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How to Do a Hollow Hold — An Isometric Core Exercise That Strengthens the Abdominal Muscles

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How to Do a Hollow Hold — An Isometric Core Exercise That Strengthens the Abdominal Muscles
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Do you want a strong and defined core? Start incorporating isometric exercises into your routine! One of my favorites is the hollow hold.

Today, we're going to learn how to do a hollow hold. This isometric core exercise strengthens the abdominals and tones the abs. It's a great exercise to add to your routine if you're looking for a challenging way to work your core. So let's get started!

What is a Hollow Hold?

An isometric exercise, a hollow body hold, involves contracting your core muscles while keeping your body stationary.

  • Start by lying down on your back flat on the floor.
  • Bring your arms up overhead, raise your shoulder blades off the ground, and lift your lower body off the floor with a posterior pelvic tilt.
  • Keep a strong core as you hold yourself in this position for the desired time.

Hollow holds seem very simple, but they can be difficult to do initially. They'll be especially challenging for those doing them for the first time. For the hollow body hold, it'll be wise to begin with 2-3 sets and 20-60 seconds per set. The number of sets and length of each one should be based on your ability to maintain good technique during the entire exercise.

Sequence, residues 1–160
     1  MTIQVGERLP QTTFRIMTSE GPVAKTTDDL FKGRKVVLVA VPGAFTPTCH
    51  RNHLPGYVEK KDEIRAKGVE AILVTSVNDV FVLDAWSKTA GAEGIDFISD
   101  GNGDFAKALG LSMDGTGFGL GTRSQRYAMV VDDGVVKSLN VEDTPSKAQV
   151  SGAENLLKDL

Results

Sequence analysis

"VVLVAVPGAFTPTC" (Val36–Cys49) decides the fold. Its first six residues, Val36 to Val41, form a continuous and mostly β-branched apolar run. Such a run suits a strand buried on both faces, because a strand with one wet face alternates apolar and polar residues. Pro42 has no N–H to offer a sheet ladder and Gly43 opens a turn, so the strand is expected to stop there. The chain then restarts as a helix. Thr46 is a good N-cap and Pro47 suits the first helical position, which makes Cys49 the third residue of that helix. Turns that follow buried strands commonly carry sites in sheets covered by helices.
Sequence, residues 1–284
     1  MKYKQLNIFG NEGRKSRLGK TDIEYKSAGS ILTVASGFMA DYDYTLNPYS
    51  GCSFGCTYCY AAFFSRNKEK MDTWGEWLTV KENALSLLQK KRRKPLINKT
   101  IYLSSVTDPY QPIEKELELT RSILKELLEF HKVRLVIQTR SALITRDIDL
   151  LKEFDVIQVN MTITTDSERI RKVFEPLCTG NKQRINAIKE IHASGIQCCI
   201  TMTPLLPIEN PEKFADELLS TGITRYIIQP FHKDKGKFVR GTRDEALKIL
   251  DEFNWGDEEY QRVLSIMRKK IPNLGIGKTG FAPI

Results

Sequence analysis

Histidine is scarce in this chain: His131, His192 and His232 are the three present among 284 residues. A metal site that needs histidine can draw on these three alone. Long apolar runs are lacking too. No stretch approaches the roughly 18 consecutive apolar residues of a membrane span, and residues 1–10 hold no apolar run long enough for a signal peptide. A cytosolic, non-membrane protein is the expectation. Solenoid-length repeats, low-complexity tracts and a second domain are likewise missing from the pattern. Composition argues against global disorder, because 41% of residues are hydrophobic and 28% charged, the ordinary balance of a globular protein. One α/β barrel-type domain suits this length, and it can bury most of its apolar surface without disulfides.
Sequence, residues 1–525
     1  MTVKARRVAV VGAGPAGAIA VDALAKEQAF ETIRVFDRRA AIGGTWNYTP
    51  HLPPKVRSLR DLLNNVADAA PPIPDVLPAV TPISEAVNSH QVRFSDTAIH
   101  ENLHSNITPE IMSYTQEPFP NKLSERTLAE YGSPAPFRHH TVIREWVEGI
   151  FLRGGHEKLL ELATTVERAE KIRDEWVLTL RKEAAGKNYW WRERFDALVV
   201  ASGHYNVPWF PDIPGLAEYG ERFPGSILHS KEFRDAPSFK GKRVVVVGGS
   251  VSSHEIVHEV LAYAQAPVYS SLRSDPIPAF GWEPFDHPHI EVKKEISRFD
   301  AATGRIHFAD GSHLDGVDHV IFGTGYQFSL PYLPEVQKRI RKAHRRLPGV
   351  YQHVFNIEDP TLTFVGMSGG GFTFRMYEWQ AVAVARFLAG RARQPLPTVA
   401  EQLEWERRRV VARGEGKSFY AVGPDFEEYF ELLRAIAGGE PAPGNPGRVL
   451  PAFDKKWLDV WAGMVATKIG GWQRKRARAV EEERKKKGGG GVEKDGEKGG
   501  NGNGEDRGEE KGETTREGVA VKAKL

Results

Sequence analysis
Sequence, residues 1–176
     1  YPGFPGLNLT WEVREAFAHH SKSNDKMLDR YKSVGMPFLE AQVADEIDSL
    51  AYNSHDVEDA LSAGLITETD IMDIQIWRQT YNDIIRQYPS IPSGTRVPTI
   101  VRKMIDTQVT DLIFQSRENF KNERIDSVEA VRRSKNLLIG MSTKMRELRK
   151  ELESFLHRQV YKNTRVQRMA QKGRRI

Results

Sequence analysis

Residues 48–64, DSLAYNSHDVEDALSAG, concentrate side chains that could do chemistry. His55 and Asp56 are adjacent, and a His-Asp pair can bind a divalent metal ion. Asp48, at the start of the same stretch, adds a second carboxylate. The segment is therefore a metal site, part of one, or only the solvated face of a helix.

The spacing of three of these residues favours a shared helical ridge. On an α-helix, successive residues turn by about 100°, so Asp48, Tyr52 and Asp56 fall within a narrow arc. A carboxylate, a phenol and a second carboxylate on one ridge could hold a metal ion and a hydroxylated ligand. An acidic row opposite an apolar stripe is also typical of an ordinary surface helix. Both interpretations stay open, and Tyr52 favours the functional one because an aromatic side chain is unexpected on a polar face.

Hollow Body Hold Muscles Worked

The hollow body hold is an excellent way to work your core muscles. This move primarily targets the rectus abdominis, the muscle that runs along the front of your stomach, and the obliques- the muscles on either side of the waist.

In addition, this move engages and strengthens the stabilizing muscles of the hip- hip flexors and glutes. You can effectively curb back pain issues by having a strong core and stabilizing muscles in adjacent areas.

Hollow Body Hold Vs. Front Plank: What's the Difference?

The hollow body hold and the front plank are excellent exercises for building core strength. However, they target different muscle groups and offer different benefits.